The most recent blogs at Green Building Advisor

A Plague of Bad Energy-Saving Tips

Posted on December 10, 2011 by Martin Holladay, GBA Advisor in Musings of an Energy Nerd

Although I usually only publish one blog a week, I can’t resist posting a rare Saturday blog to rail against bad advice to homeowners from the Federal government and a national green building organization.

Martin’s Ten Rules of Roof Design

Posted on December 9, 2011 by Martin Holladay, GBA Advisor in Musings of an Energy Nerd

Lots of things can go wrong with roofs: bad flashing can cause leaks, a poorly designed valley can turn into a slow-moving glacier, and misplaced gutters can do more harm than good. Experienced roofers see a lot of stupid roofs.

Blog Review: Equinox House

Posted on December 8, 2011 by Scott Gibson in Green Building Blog

You might call Ty Newell the reluctant engineer. At the University of Michigan in the early 1970s, he would rather have studied natural resources or liberal arts, but those programs were full. So he went into engineering, figuring he’d switch to one of his first choices in a semester or so.

Except that it never happened. His grade point average wasn’t high enough to get him into natural resources, and the prospect of being drafted for duty in Vietnam kept him from dropping out of school. So engineering it was going to be.

Back from Sabbatical

Posted on December 7, 2011 by Alex Wilson in Energy Solutions

Back in March I reported that I would be taking leave from this blog as I embarked on an eight-month sabbatical. With support from the Hanley Award I received last year, I was able to take an unpaid leave from BuildingGreen for some rejuvenation, reflection, research, and writing.

Das Haus Tour

Posted on December 6, 2011 by Carl Seville, GBA Advisor in Green Building Curmudgeon

I attended an event in October called the Das Haus tour – a prefab “house” sponsored by the German Consulate General that will be roaming the country for about a year. The first stop was in Atlanta, so although I was one of the first people to see it, I don’t understand the point of the venture.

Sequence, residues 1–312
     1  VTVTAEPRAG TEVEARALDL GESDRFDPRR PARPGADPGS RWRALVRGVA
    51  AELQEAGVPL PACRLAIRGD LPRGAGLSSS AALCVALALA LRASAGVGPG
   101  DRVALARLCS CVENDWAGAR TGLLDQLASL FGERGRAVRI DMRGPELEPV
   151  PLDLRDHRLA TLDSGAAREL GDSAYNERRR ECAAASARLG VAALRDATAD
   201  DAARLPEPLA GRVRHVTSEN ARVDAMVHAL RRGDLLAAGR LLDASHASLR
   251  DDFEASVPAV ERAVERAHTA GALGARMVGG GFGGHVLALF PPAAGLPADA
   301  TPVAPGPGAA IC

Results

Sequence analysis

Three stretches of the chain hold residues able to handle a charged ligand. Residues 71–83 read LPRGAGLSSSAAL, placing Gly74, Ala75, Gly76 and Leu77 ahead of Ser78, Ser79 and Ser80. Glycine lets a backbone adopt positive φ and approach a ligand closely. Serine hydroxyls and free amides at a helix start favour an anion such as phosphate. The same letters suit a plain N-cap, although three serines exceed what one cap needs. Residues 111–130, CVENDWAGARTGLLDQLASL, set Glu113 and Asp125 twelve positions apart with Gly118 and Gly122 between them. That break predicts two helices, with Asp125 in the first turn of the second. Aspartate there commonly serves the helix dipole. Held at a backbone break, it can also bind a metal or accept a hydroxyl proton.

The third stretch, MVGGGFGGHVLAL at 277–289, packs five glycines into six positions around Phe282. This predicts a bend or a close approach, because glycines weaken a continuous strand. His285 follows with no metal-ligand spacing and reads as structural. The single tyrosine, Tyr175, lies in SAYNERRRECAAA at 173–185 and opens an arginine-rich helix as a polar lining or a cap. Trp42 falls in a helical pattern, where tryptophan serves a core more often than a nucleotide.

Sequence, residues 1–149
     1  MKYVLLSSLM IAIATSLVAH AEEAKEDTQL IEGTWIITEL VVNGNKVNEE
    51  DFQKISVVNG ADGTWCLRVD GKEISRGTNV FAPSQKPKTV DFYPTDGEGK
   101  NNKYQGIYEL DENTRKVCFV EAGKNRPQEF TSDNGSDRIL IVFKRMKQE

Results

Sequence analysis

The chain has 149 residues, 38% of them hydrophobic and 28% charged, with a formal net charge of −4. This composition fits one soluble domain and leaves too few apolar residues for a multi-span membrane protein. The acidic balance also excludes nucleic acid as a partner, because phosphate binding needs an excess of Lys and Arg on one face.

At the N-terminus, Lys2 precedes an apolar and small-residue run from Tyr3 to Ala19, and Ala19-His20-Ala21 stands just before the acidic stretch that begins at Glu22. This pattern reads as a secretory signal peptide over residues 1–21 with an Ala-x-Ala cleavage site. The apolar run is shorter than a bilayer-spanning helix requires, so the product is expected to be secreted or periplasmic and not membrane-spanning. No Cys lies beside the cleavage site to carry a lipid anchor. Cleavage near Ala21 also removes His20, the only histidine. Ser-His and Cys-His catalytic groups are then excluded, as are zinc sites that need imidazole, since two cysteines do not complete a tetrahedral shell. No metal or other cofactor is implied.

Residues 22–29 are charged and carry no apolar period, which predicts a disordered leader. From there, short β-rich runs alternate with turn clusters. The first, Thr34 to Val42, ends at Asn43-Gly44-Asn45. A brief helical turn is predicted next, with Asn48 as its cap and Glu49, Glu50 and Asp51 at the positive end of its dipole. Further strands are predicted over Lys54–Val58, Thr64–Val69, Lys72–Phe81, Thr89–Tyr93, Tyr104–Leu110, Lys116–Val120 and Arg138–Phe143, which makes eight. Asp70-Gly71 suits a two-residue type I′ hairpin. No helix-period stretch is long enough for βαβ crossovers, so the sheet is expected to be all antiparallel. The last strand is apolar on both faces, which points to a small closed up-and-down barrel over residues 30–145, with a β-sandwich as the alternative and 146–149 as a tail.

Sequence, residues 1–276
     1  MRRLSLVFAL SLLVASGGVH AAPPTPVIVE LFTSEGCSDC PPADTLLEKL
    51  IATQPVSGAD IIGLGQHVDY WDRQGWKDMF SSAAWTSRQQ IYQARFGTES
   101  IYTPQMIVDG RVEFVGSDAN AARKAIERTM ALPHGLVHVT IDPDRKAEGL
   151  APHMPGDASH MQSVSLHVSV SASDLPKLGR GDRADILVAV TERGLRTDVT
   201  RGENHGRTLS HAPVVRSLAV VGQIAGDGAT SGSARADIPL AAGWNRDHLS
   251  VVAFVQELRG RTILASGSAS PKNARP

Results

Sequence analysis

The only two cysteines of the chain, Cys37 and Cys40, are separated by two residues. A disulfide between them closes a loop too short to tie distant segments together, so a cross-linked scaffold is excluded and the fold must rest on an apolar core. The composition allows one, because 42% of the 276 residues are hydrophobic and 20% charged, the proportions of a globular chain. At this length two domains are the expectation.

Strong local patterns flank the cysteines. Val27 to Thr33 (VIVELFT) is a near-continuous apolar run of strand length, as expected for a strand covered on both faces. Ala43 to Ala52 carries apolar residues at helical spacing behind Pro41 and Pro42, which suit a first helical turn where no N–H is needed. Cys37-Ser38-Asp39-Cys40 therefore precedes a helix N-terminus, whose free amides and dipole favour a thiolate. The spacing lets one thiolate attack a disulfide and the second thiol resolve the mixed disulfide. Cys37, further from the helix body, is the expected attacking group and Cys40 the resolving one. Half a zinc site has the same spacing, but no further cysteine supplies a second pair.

Should Historic Preservation Trump Energy Performance?

Posted on December 5, 2011 by Scott Gibson in Q&A Spotlight

Windows are often a dominant architectural feature in old houses. A six-over-six sash with wavy, bubbled glass has a charm that modern windows can only aspire to, more than offsetting their less-than-stellar energy performance.

Or so many local historical preservation committees would argue. And, as Mike Keesee has discovered, that’s a frustrating problem for builders and homeowners who want to make energy-efficient windows part of a renovation.

Books on Insulation and Energy-Efficient Building

Posted on December 2, 2011 by Martin Holladay, GBA Advisor in Musings of an Energy Nerd

Two new books that might interest green builders recently caught my eye: The BuildingGreen Guide to Insulation Products and Practices by Alex Wilson and The JLC Guide to Energy Efficiency by the editors of The Journal of Light Construction.

Full disclosure: I was a minor participant in the creation of both books. At Wilson’s request, I reviewed portions of his manuscript before publication and provided feedback. I also wrote several of the articles appearing in the JLC book.

Sniffing Out House Problems

Posted on November 30, 2011 by Tristan Roberts in Energy Solutions

A victim of a hepatitis E infection she picked up unknowingly in Brazil, Genevive Bjorn’s liver rebelled against her one night in Hawaii. Her body almost shut down on her, but with help from the hospital, a battery of tests, her watchful boyfriend at her side, and a diet of nothing but rice porridge, she squeaked through.

Energy Code Enforcement is a Mixed Bag

Posted on November 29, 2011 by Carl Seville, GBA Advisor in Green Building Curmudgeon

I’ve never been much of a code geek, but recently I’ve been studying the 2009 and 2012 International Energy Conservation Code (IECC International Energy Conservation Code.) documents. When I was a contractor, energy code enforcement by building officials was pretty much nonexistent, so I didn’t pay much attention to the specifics, although I’m fairly certain we met or exceeded the minimum requirements in our projects.

The Case of the Mystery Gas Leak

Posted on November 28, 2011 by Scott Gibson in Q&A Spotlight

What began as an attempt to track down the source of air leaks in his one-year-old home has led Kevin Hilton to a deeper mystery — a natural gas odor that is apparent only when energy auditors are running a blower-door testTest used to determine a home’s airtightness: a powerful fan is mounted in an exterior door opening and used to pressurize or depressurize the house. By measuring the force needed to maintain a certain pressure difference, a measure of the home’s airtightness can be determined. Operating the blower door also exaggerates air leakage and permits a weatherization contractor to find and seal those leakage areas..

As Hilton explains in a Q&A post at GreenBuildingAdvisor, the source of the gas leak has been impossible to track down so far.

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